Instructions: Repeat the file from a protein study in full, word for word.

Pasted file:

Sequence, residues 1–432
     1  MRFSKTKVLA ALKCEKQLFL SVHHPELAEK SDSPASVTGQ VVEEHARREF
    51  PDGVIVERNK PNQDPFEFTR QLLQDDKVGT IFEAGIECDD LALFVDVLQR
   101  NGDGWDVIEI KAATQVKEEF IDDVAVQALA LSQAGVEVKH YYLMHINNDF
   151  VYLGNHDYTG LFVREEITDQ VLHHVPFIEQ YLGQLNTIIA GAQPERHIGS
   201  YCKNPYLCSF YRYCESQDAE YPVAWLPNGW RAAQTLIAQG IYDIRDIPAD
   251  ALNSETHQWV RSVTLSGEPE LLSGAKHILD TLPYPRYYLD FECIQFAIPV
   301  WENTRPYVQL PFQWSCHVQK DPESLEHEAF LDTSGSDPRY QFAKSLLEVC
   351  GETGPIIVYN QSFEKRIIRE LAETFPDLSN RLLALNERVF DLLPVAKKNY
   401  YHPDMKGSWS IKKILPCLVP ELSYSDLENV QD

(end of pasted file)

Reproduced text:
Sequence, residues 1–432
     1  MRFSKTKVLA ALKCEKQLFL SVHHPELAEK SDSPASVTGQ VVEEHARREF
    51  PDGVIVERNK PNQDPFEFTR QLLQDDKVGT IFEAGIECDD LALFVDVLQR
   101  NGDGWDVIEI KAATQVKEEF IDDVAVQALA LSQAGVEVKH YYLMHINNDF
   151  VYLGNHDYTG LFVREEITDQ VLHHVPFIEQ YLGQLNTIIA GAQPERHIGS
   201  YCKNPYLCSF YRYCESQDAE YPVAWLPNGW RAAQTLIAQG IYDIRDIPAD
   251  ALNSETHQWV RSVTLSGEPE LLSGAKHILD TLPYPRYYLD FECIQFAIPV
   301  WENTRPYVQL PFQWSCHVQK DPESLEHEAF LDTSGSDPRY QFAKSLLEVC
   351  GETGPIIVYN QSFEKRIIRE LAETFPDLSN RLLALNERVF DLLPVAKKNY
   401  YHPDMKGSWS IKKILPCLVP ELSYSDLENV QD